Cabinda (kəbĭnˈdə) [key], Angolan exclave (1991 est. pop. 163,000), c.2,800 sq mi (7,300 sq km), W Africa; administered as a province. The town of Cabinda is the chief population center. The territory is bounded on the N by Congo (Brazzaville), on the E and S by Congo (Kinshasa), and on the W by the Atlantic Ocean. Cabinda was once geographically contiguous with Angola but was separated from it in 1885 when the Belgian Congo (Congo [Kinshasa]) acquired a corridor to the sea along the lower Congo River. The inhabitants, in addition to the local languages, speak French typically instead of Portuguese (the European language that predominates in Angola). Largely tropical forest, the region produces hardwoods, coffee, cacao, crude rubber, and palm oil products. Petroleum production from large offshore reserves began in 1968 and now accounts for most of Angola's output.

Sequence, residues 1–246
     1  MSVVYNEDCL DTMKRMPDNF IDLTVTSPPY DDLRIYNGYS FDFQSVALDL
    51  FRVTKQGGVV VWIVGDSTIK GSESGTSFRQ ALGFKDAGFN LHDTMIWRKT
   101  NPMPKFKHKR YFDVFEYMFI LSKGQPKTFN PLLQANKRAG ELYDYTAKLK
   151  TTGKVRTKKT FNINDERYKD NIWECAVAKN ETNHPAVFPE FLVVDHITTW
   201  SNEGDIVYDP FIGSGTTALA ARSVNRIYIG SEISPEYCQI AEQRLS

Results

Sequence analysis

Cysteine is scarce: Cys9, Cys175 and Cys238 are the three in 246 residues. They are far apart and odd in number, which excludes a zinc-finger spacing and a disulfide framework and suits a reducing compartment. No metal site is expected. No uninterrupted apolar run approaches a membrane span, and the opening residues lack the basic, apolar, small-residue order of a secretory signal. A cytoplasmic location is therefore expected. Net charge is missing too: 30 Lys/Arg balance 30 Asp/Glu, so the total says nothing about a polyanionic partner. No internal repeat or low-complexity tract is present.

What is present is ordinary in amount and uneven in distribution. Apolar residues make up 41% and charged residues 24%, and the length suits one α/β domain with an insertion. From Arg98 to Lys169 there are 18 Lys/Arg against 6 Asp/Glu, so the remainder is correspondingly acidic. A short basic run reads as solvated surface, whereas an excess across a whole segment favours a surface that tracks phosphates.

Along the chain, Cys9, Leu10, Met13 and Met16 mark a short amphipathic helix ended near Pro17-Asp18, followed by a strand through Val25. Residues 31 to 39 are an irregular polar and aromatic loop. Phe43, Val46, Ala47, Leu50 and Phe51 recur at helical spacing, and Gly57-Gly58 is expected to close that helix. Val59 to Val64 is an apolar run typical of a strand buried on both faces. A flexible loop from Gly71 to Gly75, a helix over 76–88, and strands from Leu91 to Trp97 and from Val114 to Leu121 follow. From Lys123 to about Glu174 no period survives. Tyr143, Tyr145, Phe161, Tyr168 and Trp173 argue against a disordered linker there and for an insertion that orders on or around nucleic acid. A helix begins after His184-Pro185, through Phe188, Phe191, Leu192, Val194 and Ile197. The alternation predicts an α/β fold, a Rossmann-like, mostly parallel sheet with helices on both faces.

A Portuguese protectorate was established in Cabinda in 1880s; in the 1950s the region was absorbed into Portugal's overseas province of Angola. Cabinda was the scene of heavy fighting during the war for independence from Portugal (1961–75). After independence, the region did not benefit from its offshore oil wealth, fueling resentment of the Angolan government and persistent fighting by Cabindan separatists. The Angolan army, which has been accused of human rights abuses in Cabinda, gained the upper hand in the fighting in 2002. In 2006 the main separatist group declared a cease-fire and was a party to a peace agreement for the province, but splinter forces have continued to fight.
The Columbia Electronic Encyclopedia, 6th ed. Copyright © 2012, Columbia University Press. All rights reserved.